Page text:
Monday, 28 March 2016

More decentralization, please!

by Kabeer Dawani and Ammar Khalid

From left to right: Mr Arif Hasan, Nalini Shekar, Dr Noman Ahmed, Ammar Khalid, Kabeer Dawani and Dr Asad Sayeed
Photo credits: LUMS HSS

In 2015, for the first time Pakistan held local government elections across all four provinces under a civilian government. All three tiers of government are now democratically elected – something that is unprecedented in Pakistan’s history. However, while this is a crucial step in the right direction, the laws enacted by the four provinces are restrictive and have been criticized by various quarters for not devolving any meaningful powers to the local bodies.

At the recent 10th Annual HSS Conference, held at the Lahore University of Management Sciences, we presented a paper that looked at the relationship between decentralization and urban service delivery. Specifically, we examined municipal service delivery in a multi-ethnic locality in Karachi.

One of the benefits of decentralization widely cited in the literature is the increase in accountability and subsequent improvement in service delivery. Our research, which looked into decentralization between 2001 and 2010, found that lower tiers of government were more efficient as compared to higher tiers of government in terms of municipal service delivery. However, crucially, the ability to deliver these services largely depends on the union council or town government having the resources – financial and otherwise – to do so. In the absence of fiscal decentralization – both, transferring funds to local governments and empowering them to raise their own funds – local bodies will remain powerless to solve issues of service delivery.

Moreover, fiscal empowerment of local governments is not only important for better public good provision, it is also vital for more equitable service delivery. In an ethnically heterogeneous setting like Karachi, we found that service provision was pivoted upon the dynamics of political competition in the area. Thus, when the party in power at the city level was not the one in power at the union council level, delivery was worse than when the same party was in power. This is because the union council was deprived of funds by the city government, which chose to direct resources towards, and in turn patronize, their own constituencies first – evidence of the weak institutional structure.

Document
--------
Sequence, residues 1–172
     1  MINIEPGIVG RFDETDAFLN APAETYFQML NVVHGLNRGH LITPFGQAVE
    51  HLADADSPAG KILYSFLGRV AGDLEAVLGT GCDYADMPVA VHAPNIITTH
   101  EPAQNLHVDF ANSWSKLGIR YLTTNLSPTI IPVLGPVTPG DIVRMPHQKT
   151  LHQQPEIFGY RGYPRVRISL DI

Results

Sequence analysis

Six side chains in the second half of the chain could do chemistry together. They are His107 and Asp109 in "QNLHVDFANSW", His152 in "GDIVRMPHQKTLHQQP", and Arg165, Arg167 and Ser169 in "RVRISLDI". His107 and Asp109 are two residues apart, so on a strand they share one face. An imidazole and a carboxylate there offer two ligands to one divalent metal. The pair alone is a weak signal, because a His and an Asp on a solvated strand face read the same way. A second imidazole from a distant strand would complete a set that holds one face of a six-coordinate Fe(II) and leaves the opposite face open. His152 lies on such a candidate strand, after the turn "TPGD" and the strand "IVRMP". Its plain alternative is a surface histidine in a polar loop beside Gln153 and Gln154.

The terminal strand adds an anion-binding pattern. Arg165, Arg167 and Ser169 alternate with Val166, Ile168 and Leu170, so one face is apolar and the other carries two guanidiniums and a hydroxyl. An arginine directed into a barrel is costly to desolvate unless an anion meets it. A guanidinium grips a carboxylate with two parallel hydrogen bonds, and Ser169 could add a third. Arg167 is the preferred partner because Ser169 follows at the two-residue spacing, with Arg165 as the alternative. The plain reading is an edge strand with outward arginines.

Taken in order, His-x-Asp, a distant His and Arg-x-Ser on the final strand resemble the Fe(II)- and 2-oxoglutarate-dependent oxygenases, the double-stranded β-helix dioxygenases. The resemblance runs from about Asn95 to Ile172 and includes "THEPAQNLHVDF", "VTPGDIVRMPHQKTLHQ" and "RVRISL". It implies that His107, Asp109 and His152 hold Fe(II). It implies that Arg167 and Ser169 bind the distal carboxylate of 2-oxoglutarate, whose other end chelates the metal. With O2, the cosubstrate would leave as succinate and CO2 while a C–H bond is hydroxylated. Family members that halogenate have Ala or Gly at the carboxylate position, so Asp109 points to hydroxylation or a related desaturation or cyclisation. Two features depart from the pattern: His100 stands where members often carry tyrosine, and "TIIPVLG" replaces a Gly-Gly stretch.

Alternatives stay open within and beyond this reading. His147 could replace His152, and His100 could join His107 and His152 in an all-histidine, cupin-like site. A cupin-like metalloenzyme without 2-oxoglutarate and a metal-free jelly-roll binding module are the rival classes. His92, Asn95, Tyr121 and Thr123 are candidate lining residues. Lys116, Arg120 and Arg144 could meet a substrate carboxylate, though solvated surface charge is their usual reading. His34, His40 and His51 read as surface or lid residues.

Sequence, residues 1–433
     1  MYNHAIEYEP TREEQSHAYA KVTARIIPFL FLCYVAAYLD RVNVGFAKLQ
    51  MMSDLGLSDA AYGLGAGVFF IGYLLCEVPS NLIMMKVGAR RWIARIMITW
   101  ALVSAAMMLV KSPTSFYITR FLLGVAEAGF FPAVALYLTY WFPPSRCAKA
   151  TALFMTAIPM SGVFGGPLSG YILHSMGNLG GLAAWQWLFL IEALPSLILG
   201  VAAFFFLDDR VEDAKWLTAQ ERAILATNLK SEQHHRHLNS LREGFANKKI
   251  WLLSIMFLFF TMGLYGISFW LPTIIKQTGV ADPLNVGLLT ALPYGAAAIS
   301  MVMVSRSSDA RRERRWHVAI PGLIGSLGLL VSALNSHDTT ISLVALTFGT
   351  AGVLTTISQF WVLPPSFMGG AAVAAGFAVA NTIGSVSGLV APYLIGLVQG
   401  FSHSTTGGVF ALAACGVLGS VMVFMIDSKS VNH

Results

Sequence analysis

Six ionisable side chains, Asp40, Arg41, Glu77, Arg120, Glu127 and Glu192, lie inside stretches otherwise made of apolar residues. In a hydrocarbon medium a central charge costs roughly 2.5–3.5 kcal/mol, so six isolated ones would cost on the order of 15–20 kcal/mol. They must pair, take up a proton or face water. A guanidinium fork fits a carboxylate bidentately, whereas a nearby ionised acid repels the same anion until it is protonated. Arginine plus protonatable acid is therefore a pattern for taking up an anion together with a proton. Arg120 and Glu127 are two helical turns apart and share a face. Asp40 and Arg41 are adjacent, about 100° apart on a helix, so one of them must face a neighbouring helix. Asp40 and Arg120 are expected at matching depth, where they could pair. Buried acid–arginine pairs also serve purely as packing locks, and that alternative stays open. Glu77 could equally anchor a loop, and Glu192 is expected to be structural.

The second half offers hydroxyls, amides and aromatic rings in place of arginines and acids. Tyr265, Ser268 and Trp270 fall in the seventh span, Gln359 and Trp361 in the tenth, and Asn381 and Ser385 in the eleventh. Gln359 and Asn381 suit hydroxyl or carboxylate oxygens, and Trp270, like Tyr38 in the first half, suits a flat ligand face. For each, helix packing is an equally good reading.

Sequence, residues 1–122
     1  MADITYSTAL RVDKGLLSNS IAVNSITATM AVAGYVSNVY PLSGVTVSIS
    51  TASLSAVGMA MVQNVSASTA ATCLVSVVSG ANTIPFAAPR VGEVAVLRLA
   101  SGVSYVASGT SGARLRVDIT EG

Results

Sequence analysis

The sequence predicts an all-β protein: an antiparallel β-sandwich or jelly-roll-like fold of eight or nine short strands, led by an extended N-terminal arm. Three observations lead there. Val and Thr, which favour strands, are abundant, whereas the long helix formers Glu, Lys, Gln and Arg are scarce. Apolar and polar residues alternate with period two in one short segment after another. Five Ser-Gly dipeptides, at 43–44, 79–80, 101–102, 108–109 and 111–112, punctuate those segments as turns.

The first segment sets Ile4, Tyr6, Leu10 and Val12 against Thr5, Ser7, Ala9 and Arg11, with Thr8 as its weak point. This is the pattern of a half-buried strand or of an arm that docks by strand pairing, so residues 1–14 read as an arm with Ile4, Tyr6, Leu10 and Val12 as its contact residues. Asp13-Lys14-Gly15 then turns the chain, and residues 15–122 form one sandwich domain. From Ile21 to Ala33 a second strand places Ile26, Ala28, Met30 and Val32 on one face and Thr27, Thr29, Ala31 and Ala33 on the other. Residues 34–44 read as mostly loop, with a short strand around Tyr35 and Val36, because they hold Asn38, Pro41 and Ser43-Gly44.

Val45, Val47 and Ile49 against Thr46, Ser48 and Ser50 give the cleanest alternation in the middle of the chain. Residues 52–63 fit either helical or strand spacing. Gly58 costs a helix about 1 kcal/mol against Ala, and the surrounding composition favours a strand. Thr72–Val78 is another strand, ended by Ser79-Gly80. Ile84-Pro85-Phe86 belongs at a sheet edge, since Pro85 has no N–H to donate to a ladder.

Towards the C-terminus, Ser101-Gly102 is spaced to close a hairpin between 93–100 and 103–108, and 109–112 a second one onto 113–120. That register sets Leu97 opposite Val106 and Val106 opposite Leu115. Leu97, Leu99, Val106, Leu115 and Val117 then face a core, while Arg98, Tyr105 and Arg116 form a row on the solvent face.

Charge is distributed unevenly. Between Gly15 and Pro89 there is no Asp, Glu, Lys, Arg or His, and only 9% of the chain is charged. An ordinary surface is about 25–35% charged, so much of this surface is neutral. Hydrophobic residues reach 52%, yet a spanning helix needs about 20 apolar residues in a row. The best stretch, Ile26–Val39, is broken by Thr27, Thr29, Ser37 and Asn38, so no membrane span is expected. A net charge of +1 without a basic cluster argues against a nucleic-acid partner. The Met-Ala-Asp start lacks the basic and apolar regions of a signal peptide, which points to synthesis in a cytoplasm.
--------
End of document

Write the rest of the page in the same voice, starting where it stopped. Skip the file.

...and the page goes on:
In the current local government set up, minimal fiscal decentralization has taken place. In fact, only about 5% of Pakistan’s public spending is undertaken at the local level, in stark contrast to India, where it is about 30%.

The reason for the lack of empowerment of local governments has to do with the fact that historically devolution has been used (by military regimes) to bypass political parties, which are best organized at the provincial level. Political parties are therefore skeptical of devolving power further below the provinces. The recent elections were only held, after many delays, due to pressure from the Supreme Court of Pakistan.

It will take time for the parties to come to terms with devolving meaningful power to the local level. It is now the opposition parties in all four provinces which must mobilize and campaign for greater decentralization of powers. In the long run, this will result in institutional strengthening, which will improve public service delivery.